5 Important Reasons to Prune Your Tomato Plant Suckers

tomato harvest and how to prune tomato suckers

The gift of harvesting a juicy, ripe tomato straight from the garden is one of the reasons why many people have a garden in the first place. For many gardeners, the homegrown tomato is the perfect illustration of how the taste of the food we grow ourselves far surpasses anything we could buy at the grocery store.

The tomato is the symbol of what a summer garden harvest means to many of us.

And tomatoes are known for being one of the easiest vegetables to grow – plop them into the ground, slap a DIY trellis on them, and then come back a few months later and start harvesting bowls full of glorious ripe fruit.

In most climates, tomato plants will produce lots of tasty fruit without a lot of assistance from the gardener. While it’s true that there’s nothing you have to do to your tomato plants except water them and keep them off the ground, what if I told you there was something more you could do to increase your harvest, reduce diseases, and overall have a much better tomato harvest?

This magic task is a simple one – it’s called pruning.

I first learned about pruning my tomatoes when I worked on a CSA farm. The farm planted thousands of tomatoes, and for a few days each summer the whole staff would line up and down the rows busily pruning the tomato plants.

Seeing the results of removing the tomato plant suckers at the farm convinced me to try it on my own plants at home. And, since that fateful day, I’ve pruned my tomatoes every year.

If you’re not a practicing pruner yourself, I’m hoping to convince you to put this task on your garden to-do list this season.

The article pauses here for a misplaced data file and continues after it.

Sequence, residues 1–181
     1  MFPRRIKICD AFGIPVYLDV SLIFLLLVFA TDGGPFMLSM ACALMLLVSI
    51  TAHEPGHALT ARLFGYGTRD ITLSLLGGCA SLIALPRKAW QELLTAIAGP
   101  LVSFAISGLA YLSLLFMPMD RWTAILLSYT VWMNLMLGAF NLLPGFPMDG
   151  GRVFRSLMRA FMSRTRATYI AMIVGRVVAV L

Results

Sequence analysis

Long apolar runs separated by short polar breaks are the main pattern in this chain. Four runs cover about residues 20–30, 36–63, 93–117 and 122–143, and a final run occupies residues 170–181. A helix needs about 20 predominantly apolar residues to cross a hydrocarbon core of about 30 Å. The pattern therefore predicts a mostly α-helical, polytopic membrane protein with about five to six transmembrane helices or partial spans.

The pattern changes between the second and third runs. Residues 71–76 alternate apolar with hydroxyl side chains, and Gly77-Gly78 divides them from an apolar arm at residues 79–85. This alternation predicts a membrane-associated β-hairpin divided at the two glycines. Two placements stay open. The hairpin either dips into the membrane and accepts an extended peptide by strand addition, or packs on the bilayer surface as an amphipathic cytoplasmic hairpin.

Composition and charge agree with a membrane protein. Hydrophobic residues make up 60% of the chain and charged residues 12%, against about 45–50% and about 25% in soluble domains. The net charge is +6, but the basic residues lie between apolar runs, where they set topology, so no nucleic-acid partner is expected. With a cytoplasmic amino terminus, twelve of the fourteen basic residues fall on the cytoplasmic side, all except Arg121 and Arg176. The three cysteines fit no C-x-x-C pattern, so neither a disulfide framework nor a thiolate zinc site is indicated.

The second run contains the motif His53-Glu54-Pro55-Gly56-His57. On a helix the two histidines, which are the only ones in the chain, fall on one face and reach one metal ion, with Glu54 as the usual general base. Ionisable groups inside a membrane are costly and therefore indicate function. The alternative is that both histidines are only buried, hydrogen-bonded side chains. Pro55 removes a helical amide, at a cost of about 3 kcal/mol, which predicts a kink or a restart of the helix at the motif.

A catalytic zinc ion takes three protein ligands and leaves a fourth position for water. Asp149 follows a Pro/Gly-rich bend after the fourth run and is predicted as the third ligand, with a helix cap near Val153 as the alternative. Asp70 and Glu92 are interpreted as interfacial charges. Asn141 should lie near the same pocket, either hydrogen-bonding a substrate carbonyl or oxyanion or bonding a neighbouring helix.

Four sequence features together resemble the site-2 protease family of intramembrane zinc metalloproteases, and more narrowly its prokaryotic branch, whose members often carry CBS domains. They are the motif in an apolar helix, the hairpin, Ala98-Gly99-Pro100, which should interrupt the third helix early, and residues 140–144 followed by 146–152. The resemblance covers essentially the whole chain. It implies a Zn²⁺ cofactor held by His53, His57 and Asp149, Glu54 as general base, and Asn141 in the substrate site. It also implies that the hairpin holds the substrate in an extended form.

tomato harvest and how to remove tomato plant suckers

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5 Reasons to Remove Your Tomato Plant Suckers

#1: Harvest tomatoes sooner.

Right after planting our tomatoes we want them to put as much energy as possible into growing bigger and better as plants. A healthy sized tomato plant will yield more fruit than a stunted one.

But, there comes a time when the scale tips and as the tomato plant grows it keeps producing more and more of its greenery – suckers, stems, and leaves.

A tomato plant sucker can be found between the main stem and each of the leaves. See photo below. Each new sucker is basically a whole new tomato plant attached to the stem.

That means the plant needs to pump a lot of energy into these new parts to help them grow, which takes energy away from fruit production.

When you keep the new growth to a minimum, you encourage the plant to focus on what you really want it to do – produce delicious fruit. Pruning can often lead to earlier harvests of your favorite garden vegetable (actually, it’s a fruit!).

parts of the tomato plant for removing suckers

#2: Plant more tomatoes in the same amount of space.

Pruning reduces the overall size of your tomato plant pretty drastically. It’s less like a tall blob and more like a sleek version of its un-pruned alter ego. This smaller footprint, where each plant takes up less space, allows you to plant more tomatoes overall.